Our History

What is now Lancaster EMS started in February 1944, as Lancaster Rescue Squad. Lancaster Rescue Squad started with just five men whom were members of the Lancaster Fire Department. Those pioneers in Emergency Medical Services were: Louis Belscamper, Reuben Garner, Harry Tucker, John Turner and Laverne "Spot" Wayne. The first chief of Lancaster Rescue Squad was John Turner who held that position until his death in 1963.

Over the years Lancaster Rescue Squad has had many different ambulances. The first ambulance was a surplus war ambulance, purchased at the cost of $400, thanks to the city receiving a forty percent discount. The only equipment initially carried on the ambulance was a rescuscitator. A few years later, the first ambulance was replaced by a converted 1939 Buick sedan. Over the course of the following years a 1949 Buick Roadmaster, followed by a 1957 station wagon also served as ambulances in our early years. A 1964 Cadillac station wagon was then purchased to serve as the newest ambulance. The newest ambulance was equipped with a radio, lights and siren all paid for by then Sheriff Al Klaas. Since this time many more ambulances have followed. Currently Lancaster EMS has three ambulances in its fleet. Our primary 9-1-1 ambulances are 251 (a 2009 International/Horton) and 250 (a 2006 Ford/Horton), and our transfer and standby ambulance 252 is a 1999 Ford/Medtec.

During the early years tha ambulance was housed in the same building as the fire department (now Lancaster Police Department). Joe Turner then allowed the ambulance to be housed in his car dealership garage. In 1976, the city built well house #2 on East Cherry Street across form City Hall and this building housed two ambulances until the new Lancaster Fire/Rescue building located at the intersection of North Washington and West Elm Streets was completed in 1996. The Lancaster Fire/Rescue building houses our ambulances, all necessary equipment, and serves as our office and training center.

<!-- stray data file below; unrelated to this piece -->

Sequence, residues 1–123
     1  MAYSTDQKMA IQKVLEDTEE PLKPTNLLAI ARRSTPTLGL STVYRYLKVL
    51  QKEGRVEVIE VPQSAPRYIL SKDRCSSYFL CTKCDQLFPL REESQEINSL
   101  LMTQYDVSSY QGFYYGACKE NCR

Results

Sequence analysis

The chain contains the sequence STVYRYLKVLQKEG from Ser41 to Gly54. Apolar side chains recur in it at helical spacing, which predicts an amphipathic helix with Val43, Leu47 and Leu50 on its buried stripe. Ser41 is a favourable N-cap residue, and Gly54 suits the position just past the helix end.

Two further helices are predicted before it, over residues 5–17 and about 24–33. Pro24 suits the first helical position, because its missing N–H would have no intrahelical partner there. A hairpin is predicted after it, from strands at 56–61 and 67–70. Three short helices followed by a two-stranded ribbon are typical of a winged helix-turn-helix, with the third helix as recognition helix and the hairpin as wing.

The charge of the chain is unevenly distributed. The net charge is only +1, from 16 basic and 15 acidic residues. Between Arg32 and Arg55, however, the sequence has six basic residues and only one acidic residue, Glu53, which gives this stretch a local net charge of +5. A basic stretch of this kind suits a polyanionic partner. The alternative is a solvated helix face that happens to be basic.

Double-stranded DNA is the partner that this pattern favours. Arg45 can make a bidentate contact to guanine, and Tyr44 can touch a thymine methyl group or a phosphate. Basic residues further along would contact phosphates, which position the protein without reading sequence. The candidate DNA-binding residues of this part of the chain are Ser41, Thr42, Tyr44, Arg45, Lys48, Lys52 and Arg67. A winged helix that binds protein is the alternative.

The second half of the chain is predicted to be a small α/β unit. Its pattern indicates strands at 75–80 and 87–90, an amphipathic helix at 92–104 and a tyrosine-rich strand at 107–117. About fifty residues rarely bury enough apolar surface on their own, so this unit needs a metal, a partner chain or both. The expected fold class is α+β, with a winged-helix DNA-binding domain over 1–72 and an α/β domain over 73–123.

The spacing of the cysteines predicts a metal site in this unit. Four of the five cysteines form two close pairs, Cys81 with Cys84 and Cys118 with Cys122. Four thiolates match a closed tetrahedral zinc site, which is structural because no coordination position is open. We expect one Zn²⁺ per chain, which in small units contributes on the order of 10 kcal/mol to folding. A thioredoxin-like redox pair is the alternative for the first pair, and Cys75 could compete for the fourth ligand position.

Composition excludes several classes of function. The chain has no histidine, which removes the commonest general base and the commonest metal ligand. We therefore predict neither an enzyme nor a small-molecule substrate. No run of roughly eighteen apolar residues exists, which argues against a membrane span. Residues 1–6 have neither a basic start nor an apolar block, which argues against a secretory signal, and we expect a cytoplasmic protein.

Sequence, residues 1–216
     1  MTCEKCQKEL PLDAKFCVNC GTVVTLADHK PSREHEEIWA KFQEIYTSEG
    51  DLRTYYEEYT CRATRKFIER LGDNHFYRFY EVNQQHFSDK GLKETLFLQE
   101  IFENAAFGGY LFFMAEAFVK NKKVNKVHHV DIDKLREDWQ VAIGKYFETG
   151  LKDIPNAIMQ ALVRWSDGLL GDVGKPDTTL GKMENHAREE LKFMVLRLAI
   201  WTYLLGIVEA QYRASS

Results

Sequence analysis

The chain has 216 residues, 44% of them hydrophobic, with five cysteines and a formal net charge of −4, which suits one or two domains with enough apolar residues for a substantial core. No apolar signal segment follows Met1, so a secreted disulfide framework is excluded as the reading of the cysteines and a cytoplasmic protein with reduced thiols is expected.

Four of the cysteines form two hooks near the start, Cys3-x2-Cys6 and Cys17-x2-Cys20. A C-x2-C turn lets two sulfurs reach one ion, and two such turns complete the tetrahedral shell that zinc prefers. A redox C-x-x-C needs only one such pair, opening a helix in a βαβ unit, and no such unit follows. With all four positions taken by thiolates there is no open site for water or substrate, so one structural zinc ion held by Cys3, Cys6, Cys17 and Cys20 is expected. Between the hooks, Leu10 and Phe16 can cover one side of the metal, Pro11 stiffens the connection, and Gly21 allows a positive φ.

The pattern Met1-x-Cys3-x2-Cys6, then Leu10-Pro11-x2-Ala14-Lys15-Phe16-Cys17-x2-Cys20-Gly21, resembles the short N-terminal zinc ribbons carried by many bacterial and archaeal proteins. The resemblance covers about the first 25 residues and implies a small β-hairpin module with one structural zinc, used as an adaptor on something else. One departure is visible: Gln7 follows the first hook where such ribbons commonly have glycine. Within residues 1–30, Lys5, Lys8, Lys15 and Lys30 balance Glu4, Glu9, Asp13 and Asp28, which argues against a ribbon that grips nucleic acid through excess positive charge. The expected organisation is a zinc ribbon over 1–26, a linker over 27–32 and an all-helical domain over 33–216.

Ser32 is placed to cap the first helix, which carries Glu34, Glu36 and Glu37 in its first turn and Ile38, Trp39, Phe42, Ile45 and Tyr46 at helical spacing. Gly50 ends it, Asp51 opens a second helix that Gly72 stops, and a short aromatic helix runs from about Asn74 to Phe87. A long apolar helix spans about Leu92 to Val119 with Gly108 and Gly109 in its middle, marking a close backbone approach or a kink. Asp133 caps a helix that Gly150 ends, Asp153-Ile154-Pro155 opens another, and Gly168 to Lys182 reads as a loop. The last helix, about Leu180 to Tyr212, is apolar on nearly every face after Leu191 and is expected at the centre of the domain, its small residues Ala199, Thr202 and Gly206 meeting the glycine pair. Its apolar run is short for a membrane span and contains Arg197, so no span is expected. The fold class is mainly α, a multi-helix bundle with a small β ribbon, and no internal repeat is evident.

The equipment carried on today's ambulances is much different than the first ambulance. The first ambulance carried a resuscitator and that was the only piece of equipment. Today our ambulances carry defibrillators, blood pressure machines, wheeled ambulance cots, glucometers, oxygen systems, and many more pieces of vital life-saving equipment. in the early years, Lancaster Rescue Squad was the only ambulance service in Grant County. Lancaster Resue Squad covered a service area that included Bloomington, Cassville, Glen Haven, Mount Hope, Livingston and Fennimore in addition to Lancaster. All one needed to do when they needed an ambulance was to call the operator. The operator would then start down the list of members of the ambulance service until she had reached enough to take the call.

Lancaster EMS now provides services to those citizens in the City of Lancaster, and to all or part of the following townships: North Lancaster, South Lancaster, Beetown, Little Grant, Ellenboro and Liberty. It is not a whole lot different to get an ambulance now, but instead of calling the operator, you call 911. When you call 911 a dispatcher at the County Communications Center will answer your call and will page our on call ambulance crew to alert them of the call. An on-call crew of volunteers is scheduled 24 hours a day, 7 days a week.

On December 4, 1964, Lancaster Rescue Squad, Inc was created as a Wisconsin Corporation Without Stock and Not for Profit. In June of 2006, the name of our service and corporation changed from Lancaster Rescue Squad, Inc. to Lancaster EMS, Inc. Our purpose has not changed since the formation of our service though, and that is to provide gratuitous emergency ambulance and first aid service to the citizens of Lancaster, Wisconsin and its surrounding area.

Lancaster EMS is a not for profit corporation, and we receive no taxpayer funding. Lancaster EMS is a self-sustaining entity. We charge for our services rendered and rely on this income and donations to be able to provide the necessary equipment and supplies needed for caring for the patients and protecting our staff.

In our 63 year history, our organization has only had ten chiefs. Those chiefs are: John Turner, Louis Belscamper, Laverne "Shot" Doll, Bob Bowen, Tom Zenz, Dennis Addison, Rob Little, Mark Bartels, Brian Allen, and Jackie Edge.